Providing care to loved ones with dementia can be challenging, and often isolating, for family caregivers. There are several techniques that reduce difficult behaviors and result in better days for family caregivers and their loved ones.
You might be frustrated and unsure of how to handle the day-to-day challenges of caring for someone with dementia. We encourage you to try some of our most effective dementia care tips.
Research shows a daily routine allows people with dementia to function better, experience better moods and less anxiety. Develop a sense of structure by maintaining consistent wake, sleep and meal times.
Communicate the daily routine and what to expect next, even if they might not completely understand.
Writing up a schedule and placing it in a highly visible place might give dementia sufferers an even greater sense of reassurance.
Maintaining hydration is critical to good health for both you and your loved one. Dehydration can cause medical destabilization, confusion and agitation, and it can promote infection.
Keeping plenty of water bottles on hand might help make it easier to promote hydration.
Make it a social activity by drinking water at the same time and tracking how much water you both drink each day, shooting for the recommended amount.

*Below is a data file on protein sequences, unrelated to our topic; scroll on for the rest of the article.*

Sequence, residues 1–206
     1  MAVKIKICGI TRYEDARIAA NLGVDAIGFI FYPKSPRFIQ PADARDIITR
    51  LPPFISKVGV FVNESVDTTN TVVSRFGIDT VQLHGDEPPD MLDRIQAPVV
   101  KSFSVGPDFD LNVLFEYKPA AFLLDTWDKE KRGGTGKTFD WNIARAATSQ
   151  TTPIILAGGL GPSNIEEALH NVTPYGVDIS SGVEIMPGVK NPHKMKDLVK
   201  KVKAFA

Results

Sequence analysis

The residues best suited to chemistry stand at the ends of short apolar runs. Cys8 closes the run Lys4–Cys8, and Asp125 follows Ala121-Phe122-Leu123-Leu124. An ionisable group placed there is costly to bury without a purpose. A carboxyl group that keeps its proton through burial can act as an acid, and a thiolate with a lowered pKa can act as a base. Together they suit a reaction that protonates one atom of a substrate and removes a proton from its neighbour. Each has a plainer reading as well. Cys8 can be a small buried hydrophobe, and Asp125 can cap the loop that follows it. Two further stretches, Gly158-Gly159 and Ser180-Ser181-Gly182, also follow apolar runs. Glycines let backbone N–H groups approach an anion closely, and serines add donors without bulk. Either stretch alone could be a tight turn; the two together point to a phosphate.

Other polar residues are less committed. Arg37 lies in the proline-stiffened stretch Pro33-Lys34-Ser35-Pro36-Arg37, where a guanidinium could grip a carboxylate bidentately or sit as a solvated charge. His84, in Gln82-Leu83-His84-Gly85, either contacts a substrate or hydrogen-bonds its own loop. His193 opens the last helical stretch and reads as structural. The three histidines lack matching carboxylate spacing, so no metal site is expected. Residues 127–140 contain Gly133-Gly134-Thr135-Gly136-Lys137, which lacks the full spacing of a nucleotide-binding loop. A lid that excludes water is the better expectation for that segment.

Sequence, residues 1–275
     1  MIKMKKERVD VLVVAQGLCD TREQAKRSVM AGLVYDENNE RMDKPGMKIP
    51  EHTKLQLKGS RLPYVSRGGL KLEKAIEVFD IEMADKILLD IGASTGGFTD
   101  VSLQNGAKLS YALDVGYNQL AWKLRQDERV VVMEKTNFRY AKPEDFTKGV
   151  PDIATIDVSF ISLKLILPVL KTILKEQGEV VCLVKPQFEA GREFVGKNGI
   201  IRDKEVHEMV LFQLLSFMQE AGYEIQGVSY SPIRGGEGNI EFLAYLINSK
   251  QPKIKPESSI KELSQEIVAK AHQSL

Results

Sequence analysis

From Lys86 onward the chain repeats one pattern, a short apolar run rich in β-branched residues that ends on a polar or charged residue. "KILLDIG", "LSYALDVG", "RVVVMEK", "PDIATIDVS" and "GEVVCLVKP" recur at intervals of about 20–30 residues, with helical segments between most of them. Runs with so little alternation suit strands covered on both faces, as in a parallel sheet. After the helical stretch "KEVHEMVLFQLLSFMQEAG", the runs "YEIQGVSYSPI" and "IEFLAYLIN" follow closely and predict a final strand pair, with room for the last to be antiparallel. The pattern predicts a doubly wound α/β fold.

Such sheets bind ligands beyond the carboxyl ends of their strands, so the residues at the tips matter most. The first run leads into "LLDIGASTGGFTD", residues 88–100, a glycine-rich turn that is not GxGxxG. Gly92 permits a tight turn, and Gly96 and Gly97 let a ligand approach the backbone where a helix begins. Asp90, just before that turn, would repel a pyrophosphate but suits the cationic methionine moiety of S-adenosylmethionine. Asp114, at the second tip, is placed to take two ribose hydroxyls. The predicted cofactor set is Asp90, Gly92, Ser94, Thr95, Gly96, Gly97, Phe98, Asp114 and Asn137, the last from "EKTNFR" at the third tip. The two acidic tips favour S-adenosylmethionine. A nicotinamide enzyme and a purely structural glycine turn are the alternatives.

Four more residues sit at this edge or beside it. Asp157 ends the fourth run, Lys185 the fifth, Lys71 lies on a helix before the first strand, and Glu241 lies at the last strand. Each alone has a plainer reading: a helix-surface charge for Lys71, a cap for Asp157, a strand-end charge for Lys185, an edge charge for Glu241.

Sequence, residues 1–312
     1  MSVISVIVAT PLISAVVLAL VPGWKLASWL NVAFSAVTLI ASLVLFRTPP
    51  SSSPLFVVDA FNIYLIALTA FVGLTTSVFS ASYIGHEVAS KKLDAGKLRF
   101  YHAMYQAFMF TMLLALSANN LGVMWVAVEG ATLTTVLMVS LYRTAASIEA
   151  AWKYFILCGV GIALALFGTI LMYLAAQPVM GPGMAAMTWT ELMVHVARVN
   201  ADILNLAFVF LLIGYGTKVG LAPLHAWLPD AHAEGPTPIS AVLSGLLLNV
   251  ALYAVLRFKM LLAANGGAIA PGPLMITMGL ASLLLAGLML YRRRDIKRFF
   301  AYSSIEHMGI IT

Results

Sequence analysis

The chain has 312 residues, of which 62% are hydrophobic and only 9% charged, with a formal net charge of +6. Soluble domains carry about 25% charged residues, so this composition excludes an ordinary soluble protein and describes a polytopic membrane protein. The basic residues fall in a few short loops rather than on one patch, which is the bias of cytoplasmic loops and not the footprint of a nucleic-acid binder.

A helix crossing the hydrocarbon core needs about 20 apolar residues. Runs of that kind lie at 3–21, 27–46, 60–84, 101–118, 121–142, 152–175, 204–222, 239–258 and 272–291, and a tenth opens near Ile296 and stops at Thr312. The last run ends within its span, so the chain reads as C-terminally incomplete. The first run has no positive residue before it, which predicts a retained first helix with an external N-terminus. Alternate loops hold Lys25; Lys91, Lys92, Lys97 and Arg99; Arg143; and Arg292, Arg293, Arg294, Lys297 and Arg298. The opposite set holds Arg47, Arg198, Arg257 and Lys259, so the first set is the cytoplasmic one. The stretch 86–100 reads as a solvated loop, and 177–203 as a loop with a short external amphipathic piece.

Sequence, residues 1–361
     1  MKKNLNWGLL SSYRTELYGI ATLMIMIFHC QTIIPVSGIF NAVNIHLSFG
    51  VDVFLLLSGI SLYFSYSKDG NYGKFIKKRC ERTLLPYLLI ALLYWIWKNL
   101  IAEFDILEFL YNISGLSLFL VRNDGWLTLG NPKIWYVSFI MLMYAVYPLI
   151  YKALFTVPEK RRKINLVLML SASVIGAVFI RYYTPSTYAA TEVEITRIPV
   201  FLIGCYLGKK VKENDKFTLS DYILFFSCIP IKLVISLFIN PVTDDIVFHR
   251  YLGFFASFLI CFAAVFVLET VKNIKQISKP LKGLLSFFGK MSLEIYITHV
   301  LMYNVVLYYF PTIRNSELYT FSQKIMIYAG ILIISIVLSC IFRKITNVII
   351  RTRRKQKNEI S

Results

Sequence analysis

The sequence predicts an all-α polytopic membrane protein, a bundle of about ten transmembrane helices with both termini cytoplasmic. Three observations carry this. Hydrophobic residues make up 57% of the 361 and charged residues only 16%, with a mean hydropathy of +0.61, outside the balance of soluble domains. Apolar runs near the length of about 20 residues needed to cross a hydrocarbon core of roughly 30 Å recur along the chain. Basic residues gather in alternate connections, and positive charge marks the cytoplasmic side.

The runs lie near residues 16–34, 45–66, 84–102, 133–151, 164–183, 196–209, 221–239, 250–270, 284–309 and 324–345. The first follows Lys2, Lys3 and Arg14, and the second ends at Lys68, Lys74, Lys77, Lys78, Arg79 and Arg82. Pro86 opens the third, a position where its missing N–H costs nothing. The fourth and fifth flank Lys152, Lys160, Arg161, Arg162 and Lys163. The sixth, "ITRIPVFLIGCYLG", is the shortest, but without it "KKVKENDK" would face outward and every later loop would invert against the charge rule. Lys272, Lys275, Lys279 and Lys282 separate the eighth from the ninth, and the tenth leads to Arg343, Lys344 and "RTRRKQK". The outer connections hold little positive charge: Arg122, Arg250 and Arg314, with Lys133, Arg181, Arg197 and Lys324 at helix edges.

Don't argue with people with dementia when something they say is obviously incorrect. Arguing might make them feel angry and that you do not respect them.
Instead of arguing, join them in their personal reality when talking about the present or the past. This might help you to keep the connection and familial bond strong.
Make increasing their positive feelings a daily goal. This can be achieved by engaging them in activities they enjoy.
By accommodating their personal preferences, you'll have better results and help them experience positive feelings.
Family tensions can deeply affect people with dementia and can cause difficult behavior.
Be sensitive to family dynamics and recognize that tension and negative feelings can impact acceptance of care.
Remember the adage "your actions speak louder than words." With dementia, nonverbal skills become more important as their verbal skills start to fail.
Other tips include: keep it simple; ask one question at a time; use yes-no questions; simplify but don't eliminate choices; and avoid asking questions that require elaborate answers.
Avoid using words and phrases such as "don't," "you can't" and "I told you."
You can't do it alone.
Often, as a family caregiver, feelings of being overwhelmed make caregiving an emotional experience. It is important to remember that as a caregiver you need not, nor should you try to, travel this road alone.
Seek help and avoid burnout.
James Wogsland, MBA and Certified Senior Advisor, is co-owner of ComForCare Home Care, and Chairman of the Beaufort County Walk to End Alzheimer's. JWogsland@ComForCare.com